Pain relief: Acupuncture can be an equivalent to pain-killing drugs, a hospital trial has found. Photo: Supplied
Acupuncture is just as good as drugs at relieving pain in people's lower backs and from sprained ankles and migraines, a ground-breaking hospital trial has found.
The extraordinary finding could open the door to Australian hospitals offering the low-cost Chinese medicine therapy used by more than 1 billion people worldwide for pain relief, particularly in Asia.
Emergency physicians at the Alfred, Northern, Cabrini and Epworth hospitals in Melbourne partnered with RMIT University's school of health sciences to see whether acupuncture could relieve acute pain in patients presenting to hospital with either lower back pain, sprained ankles or migraines.
While data of the study is still being analysed and finalised for publication in a medical journal, one of the researchers, Michael Ben-Meir, said it showed acupuncture offered the same level of pain relief as analgesic drugs when patients rated their pain one hour after treatment.
''Acupuncture was equivalent to what we defined as conventional medicine standard care which was strong oral analgesia such as Endone, Panadeine Forte, Voltaren and Valium,'' he said.
Dr Ben-Meir, director of Cabrini Hospital's emergency department, said the randomised controlled study of about 550 patients also found that the combination of acupuncture with standard pharmaceutical care delivered the equivalent pain relief to acupuncture alone and standard care alone.
The physician, who studied acupuncture nine years ago and has used it on his patients, said the results aligned with his own experience of its efficacy for acute pain. He said it was particularly good for people who did not want drugs, such as pregnant women, and for those whose pain was not relieved by Western medicine.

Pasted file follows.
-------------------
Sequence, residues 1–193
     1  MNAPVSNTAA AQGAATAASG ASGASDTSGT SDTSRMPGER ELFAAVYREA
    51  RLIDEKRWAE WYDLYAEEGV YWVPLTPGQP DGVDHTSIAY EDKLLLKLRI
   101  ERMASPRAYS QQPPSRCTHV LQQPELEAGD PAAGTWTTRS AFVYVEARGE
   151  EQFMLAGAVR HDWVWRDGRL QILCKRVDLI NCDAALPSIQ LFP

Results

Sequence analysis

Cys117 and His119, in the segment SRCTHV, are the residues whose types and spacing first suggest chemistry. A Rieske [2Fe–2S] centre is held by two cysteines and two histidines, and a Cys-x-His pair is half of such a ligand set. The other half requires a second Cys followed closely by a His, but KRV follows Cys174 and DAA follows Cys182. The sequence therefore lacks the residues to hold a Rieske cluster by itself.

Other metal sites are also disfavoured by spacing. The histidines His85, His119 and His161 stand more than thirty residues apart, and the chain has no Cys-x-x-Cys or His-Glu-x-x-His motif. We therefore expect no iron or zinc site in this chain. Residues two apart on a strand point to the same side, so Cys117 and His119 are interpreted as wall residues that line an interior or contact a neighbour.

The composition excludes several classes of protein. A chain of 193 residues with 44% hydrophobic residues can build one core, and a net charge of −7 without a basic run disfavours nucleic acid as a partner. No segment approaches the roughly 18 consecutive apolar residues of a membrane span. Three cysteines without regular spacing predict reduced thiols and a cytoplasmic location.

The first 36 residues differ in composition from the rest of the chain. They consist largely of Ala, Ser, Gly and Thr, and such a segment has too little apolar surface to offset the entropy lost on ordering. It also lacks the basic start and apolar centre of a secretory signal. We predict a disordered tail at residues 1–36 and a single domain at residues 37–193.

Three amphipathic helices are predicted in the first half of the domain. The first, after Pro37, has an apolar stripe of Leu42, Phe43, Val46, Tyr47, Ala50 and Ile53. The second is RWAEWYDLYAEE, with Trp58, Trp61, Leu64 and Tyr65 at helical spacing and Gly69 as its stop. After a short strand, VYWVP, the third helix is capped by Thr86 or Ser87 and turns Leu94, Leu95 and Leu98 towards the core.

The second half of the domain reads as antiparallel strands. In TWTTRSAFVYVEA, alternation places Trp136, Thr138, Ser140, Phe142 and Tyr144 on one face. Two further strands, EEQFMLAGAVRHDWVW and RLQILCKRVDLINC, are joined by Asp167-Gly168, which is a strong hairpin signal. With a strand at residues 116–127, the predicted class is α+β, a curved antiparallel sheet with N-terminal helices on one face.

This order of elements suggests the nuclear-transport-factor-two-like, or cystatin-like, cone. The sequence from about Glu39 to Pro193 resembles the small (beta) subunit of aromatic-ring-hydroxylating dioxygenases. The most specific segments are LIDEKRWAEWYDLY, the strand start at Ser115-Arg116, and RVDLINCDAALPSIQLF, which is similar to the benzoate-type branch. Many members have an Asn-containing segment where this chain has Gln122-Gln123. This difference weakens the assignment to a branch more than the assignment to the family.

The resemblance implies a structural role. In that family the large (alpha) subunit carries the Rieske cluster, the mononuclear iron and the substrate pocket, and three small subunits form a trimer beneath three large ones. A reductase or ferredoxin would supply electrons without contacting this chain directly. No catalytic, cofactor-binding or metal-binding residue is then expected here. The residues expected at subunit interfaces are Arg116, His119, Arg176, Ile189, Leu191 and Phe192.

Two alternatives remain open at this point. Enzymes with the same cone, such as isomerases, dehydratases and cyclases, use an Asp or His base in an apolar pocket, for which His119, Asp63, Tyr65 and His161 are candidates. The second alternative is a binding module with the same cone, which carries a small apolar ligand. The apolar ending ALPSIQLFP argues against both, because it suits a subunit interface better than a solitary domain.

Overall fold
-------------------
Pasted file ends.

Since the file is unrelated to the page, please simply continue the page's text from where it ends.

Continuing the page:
''I find acupuncture doesn't always help all patients, but occasionally it's the thing that gets them home and gets their symptoms resolved,'' he said. ''There's a lot to be thought about and analysed before something like this is a standard therapy.''
Director of emergency services at the Alfred Hospital, De Villiers Smit, said although he was initially sceptical about acupuncture, the study had convinced him it was a safe and effective therapy that could improve pain management in emergency departments. ''About 1.3 billion people use acupuncture on a daily basis, so to me, there must be something in it,'' Dr Smit said.
Another chief investigator of the project, who is head of the School of Health Sciences at RMIT and a registered Chinese medicine practitioner, Charlie Xue, said the study was exciting and showed a very low rate of minor adverse events such as bleeding at the site of needling.
Professor Xue said while some medical practitioners were initially resistant to the idea of Chinese medicine being used in hospitals, most were convinced of its value after they had seen it being done.
About 10 per cent of Australians use acupuncture for ailments in community-based clinics.
Dr Ben-Meir said rising health costs should encourage more scientific assessment of complementary medicines.